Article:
Too many car owners are too comfortable leaving their vehicles’ driver-assist features in charge, potentially putting themselves and others at risk, according to the Insurance Institute for Highway Safety (IIHS).
IIHS said a survey of about 600 regular users of General Motors Super Cruise, Nissan/Infiniti ProPILOT Assist, and Tesla Autopilot found they were “more likely to perform non-driving-related activities like eating or texting while using their partial automation systems than while driving unassisted.”
“The big-picture message here is that the early adopters of these systems still have a poor understanding of the technology’s limits,” said IIHS President David Harkey.
The study reports that 53 percent of Super Cruise users, 42 percent of Tesla Autopilot users, and 12 percent of Nissan’s ProPilot Assist users were comfortable letting the system drive without watching what was happening on the road. Some even described being comfortable letting the vehicle drive during inclement weather.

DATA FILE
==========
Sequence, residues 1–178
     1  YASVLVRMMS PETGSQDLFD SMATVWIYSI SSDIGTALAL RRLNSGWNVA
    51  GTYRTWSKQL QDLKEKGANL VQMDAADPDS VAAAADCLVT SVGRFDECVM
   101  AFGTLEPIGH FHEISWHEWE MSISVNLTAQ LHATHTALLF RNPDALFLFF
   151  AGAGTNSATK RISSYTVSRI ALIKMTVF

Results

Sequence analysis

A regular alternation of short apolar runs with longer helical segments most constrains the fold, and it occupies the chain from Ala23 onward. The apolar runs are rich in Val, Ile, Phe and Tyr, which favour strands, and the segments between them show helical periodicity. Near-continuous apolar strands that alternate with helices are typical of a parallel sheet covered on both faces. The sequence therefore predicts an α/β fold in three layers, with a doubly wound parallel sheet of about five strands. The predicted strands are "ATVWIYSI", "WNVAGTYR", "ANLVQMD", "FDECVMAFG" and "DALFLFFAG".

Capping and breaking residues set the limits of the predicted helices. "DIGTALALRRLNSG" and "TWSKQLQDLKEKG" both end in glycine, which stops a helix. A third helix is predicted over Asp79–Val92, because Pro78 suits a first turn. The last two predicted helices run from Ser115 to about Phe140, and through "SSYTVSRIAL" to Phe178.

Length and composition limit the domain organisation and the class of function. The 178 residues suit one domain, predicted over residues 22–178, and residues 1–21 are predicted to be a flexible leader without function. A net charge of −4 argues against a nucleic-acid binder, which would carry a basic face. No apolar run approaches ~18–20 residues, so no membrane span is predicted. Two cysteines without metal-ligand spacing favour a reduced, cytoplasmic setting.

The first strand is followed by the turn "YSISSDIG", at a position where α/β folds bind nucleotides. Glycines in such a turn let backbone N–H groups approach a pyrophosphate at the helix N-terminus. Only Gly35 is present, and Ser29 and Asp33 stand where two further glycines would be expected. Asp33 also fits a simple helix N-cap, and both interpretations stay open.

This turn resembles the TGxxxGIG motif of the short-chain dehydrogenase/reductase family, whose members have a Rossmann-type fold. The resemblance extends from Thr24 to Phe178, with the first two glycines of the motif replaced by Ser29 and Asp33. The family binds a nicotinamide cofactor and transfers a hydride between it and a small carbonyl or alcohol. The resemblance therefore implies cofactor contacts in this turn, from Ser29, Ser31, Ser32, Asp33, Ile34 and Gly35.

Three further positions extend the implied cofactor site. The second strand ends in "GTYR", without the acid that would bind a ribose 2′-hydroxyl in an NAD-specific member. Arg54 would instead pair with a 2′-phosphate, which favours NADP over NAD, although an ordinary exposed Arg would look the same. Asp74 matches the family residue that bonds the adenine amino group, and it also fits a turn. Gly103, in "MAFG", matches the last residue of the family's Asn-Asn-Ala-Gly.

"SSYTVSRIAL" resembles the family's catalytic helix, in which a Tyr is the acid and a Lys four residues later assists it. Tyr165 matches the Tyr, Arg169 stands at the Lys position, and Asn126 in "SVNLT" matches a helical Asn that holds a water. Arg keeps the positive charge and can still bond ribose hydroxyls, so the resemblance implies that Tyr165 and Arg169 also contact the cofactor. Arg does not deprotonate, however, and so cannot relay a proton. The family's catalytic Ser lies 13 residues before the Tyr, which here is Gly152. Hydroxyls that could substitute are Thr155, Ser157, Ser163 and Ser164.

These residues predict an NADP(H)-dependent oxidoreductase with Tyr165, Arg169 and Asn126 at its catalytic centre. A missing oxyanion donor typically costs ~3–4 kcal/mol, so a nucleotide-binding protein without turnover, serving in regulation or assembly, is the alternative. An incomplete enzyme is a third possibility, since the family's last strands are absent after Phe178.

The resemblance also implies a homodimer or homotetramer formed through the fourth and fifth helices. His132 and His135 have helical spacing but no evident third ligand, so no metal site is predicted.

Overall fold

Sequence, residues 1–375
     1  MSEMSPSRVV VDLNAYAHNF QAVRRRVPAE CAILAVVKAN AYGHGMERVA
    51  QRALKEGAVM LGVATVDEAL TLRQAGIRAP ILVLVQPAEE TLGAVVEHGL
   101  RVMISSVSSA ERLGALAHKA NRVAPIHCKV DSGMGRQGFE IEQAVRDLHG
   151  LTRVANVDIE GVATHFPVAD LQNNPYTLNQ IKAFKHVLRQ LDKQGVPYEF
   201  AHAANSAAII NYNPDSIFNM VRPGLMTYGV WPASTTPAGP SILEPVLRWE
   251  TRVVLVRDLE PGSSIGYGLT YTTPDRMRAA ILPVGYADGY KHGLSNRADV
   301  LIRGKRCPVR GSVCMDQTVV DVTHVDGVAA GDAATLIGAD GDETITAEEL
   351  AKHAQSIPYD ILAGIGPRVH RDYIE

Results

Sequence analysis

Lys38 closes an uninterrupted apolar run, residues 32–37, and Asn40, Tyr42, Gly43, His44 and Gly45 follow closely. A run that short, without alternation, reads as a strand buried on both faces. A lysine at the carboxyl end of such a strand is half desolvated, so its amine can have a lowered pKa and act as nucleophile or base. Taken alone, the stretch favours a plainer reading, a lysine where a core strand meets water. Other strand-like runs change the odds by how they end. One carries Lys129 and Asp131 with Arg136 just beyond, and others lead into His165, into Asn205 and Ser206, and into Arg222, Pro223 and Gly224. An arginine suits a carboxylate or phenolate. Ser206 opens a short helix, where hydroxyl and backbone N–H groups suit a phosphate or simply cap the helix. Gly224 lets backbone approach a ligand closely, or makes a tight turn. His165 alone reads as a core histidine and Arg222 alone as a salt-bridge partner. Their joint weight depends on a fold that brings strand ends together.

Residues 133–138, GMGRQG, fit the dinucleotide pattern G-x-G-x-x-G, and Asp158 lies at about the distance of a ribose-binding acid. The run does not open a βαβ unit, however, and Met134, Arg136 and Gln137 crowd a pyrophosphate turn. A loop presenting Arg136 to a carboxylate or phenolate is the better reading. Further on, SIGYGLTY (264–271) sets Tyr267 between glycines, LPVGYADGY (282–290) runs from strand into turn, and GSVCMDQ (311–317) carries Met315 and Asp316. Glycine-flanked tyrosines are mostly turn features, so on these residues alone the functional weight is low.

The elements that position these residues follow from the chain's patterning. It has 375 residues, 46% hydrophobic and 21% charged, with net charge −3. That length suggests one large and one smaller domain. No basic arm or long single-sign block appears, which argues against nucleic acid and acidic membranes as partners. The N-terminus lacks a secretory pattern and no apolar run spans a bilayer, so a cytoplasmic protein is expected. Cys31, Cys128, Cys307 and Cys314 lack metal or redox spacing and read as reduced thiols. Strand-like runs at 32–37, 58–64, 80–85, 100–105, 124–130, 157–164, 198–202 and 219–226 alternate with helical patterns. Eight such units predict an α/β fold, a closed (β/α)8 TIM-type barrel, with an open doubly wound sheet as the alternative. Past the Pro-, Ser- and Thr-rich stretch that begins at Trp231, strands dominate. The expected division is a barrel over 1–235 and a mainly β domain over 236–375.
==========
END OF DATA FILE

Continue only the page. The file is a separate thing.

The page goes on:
These systems combine adaptive cruise control and lane-keeping systems, primarily to keep a car in a lane and following traffic on the highway. All require an attentive human driver to monitor the road and take full control when called for.
“None of the current systems is designed to replace a human driver or to make it safe for a driver to perform other activities that take their focus away from the road,” IIHS said in announcing the results of its survey.
While all three automakers caution drivers about the systems’ limits, confusion remains. Tesla’s driver-assist system, which it calls “full self-driving” has received much scrutiny over the years as auto safety experts say the name is misleading and risks worsening road safety.
The U.S.government has set no standards for these features, which are some of the newest technologies on vehicles today. A patchwork of state laws and voluntary federal guidelines is attempting to cover the testing and eventual deployment of autonomous vehicles in the United States.